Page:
Consider also the strength of the competition and the lifecycle stage of the company in question. While these two factors allow for much more mutability, proper timing is important in both areas. The closer a company is to their IPO, the less likely to survive long term; so look for companies that have staying potential that have already made it past 5-10 years and show continuous growth. This growth can be not only in share price, but in product diversification or application intellectual property or other signs of advancing manufacturing development.

What trial phase is best for biotech investing?

In terms of timing, pay special attention to the trial phases as they intersect with your investment goals. Your entry and, if applicable, exit points may be determined by clinical trial phases.

For example, if you plan to exit in two years or less, phase 2 trials can make a good entry point especially for small-cap biotech companies. Trials in this phase may be double-blind, with placebo controls, offering more accurate and more conclusive (and sometimes quite exciting) results. Positions acquired during this phase can be very profitable. Positions taken just before this phase, such as pre-clinical or phase 1 success can offer a greater multiple but have higher risk. Promising scientific returns generate interest, and interest drives up the price. Timing your exit to take advantage of these gains can result in maximized profit

On the other hand, if you aim to invest for long-term returns, you may be better served by investing during phase 3 trials. In this case, the time to get in is when you’re in clinical trials -- the early stages have already shown promising results, but now is when the rubber truly meets the road. Strong phase 3 trials (which test a greater sample size) indicate truly inspiring potential. While clinical-stage success is no guarantee, the field of successful biotech therapies narrows greatly during phase 3 trials, so success in this stage combined with smart leadership provides a sharp ramp upward to profitability.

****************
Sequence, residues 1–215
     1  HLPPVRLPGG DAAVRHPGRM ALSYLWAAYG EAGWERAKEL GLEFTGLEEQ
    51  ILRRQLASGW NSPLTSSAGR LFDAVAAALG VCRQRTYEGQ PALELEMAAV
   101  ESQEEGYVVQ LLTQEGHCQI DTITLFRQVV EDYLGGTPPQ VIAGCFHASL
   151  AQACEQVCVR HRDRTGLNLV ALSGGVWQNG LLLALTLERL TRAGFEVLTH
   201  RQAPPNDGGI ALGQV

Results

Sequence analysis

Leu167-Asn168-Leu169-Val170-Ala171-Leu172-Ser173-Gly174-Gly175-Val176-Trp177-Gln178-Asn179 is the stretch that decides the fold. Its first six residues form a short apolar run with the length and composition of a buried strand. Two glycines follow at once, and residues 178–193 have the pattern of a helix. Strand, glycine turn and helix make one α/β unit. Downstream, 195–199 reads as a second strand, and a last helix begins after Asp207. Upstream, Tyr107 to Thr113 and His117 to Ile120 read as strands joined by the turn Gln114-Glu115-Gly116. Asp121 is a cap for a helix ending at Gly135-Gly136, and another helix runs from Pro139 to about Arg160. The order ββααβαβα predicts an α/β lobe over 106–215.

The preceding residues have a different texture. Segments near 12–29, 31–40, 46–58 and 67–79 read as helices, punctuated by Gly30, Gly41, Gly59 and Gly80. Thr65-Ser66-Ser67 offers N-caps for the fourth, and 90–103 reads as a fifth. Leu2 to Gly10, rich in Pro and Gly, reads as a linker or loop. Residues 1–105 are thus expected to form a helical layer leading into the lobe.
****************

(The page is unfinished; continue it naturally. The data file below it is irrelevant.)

The problem with buying companies after success in phase 2 or 3 for an individual investor is that you are competing with retail and institutional investors. Further, pharmaceutical companies may execute a buy-out in the time in between under NDA without you being aware (e.g., setting your limit order 15-20% over the previous days close just prior to market, may entice someone to let go of their grip on stock). Biotech companies tend to “graduate” from the OTC where prices are low to NASDAQ as they advance through pre-clinical, Phase-1 and Phase-2. This invariably means that entry points are more expensive, and upside is reduced for the individual investor.

How does understanding the FDA affect biotech investing?

No investor should invest in biotech without at least a basic understanding of the Food and Drug Administration (FDA), how it works, and how its decisions affect companies in this industry.

The FDA’s drug approval process is a multi-layered decision, with each step (Step 1, Step 2, and so on) an important milestone on the path to full approval so the product can be brought to market.

Step 1 is the development phase, Step 2 is Research, Step 3 is Clinical Trials, and Step 4 is FDA Approval. There is also a Step 5, post-market monitoring, which keeps tabs on previously approved products.

In some specific cases, this process can be expedited through accelerated and fast-track approvals.

It’s important to understand where your target company is in the FDA approval process, not least because it’s an indicator as to where it is on the path to market. Since companies can have more than one product or application on the go at any given time, it takes more involved investigating to understand the status of the different research and the likely forward effect on the company’s bottom line.

Key Takeaways

  • Biotech investing has enormous upside, but nothing is a guaranteed home run
  • Both short-term and long-term investors can benefit from biotech investing, although strategies will vary between the two
  • There are several techniques to use to acquire positions in thinly traded, young companies such as those in the biotech industry, including timing and strategic use of limit orders
  • It’s important to understand the phases of the FDA approval process so you can time your entry (and exit, if applicable) to your return objectives in a particular biotech company

Ready to invest? Or have more questions? Reach out and let’s talk.